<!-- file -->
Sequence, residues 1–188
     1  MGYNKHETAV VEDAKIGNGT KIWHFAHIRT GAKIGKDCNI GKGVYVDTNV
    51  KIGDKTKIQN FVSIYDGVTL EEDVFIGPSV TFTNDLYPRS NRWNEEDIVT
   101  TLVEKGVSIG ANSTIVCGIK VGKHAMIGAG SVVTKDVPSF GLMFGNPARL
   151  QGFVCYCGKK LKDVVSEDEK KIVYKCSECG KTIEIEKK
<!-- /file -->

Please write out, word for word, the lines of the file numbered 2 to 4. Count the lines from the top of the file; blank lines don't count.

     1  MGYNKHETAV VEDAKIGNGT KIWHFAHIRT GAKIGKDCNI GKGVYVDTNV
    51  KIGDKTKIQN FVSIYDGVTL EEDVFIGPSV TFTNDLYPRS NRWNEEDIVT
   101  TLVEKGVSIG ANSTIVCGIK VGKHAMIGAG SVVTKDVPSF GLMFGNPARL